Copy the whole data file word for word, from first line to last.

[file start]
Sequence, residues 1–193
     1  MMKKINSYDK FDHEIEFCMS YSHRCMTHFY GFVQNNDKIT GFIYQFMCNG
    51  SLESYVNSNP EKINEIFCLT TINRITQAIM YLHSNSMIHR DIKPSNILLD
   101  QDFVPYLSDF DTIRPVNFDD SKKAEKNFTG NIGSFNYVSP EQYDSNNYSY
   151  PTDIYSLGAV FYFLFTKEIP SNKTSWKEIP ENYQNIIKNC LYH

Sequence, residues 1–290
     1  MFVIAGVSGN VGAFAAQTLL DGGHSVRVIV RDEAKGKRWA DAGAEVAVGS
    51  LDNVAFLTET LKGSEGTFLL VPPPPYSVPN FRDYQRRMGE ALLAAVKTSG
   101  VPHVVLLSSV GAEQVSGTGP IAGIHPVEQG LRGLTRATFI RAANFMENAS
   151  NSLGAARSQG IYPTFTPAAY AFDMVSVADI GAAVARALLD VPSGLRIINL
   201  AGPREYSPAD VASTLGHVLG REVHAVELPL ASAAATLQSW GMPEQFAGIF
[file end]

Sequence, residues 1–193
     1  MMKKINSYDK FDHEIEFCMS YSHRCMTHFY GFVQNNDKIT GFIYQFMCNG
    51  SLESYVNSNP EKINEIFCLT TINRITQAIM YLHSNSMIHR DIKPSNILLD
   101  QDFVPYLSDF DTIRPVNFDD SKKAEKNFTG NIGSFNYVSP EQYDSNNYSY
   151  PTDIYSLGAV FYFLFTKEIP SNKTSWKEIP ENYQNIIKNC LYH

Sequence, residues 1–290
     1  MFVIAGVSGN VGAFAAQTLL DGGHSVRVIV RDEAKGKRWA DAGAEVAVGS
    51  LDNVAFLTET LKGSEGTFLL VPPPPYSVPN FRDYQRRMGE ALLAAVKTSG
   101  VPHVVLLSSV GAEQVSGTGP IAGIHPVEQG LRGLTRATFI RAANFMENAS
   151  NSLGAARSQG IYPTFTPAAY AFDMVSVADI GAAVARALLD VPSGLRIINL
   201  AGPREYSPAD VASTLGHVLG REVHAVELPL ASAAATLQSW GMPEQFAGIF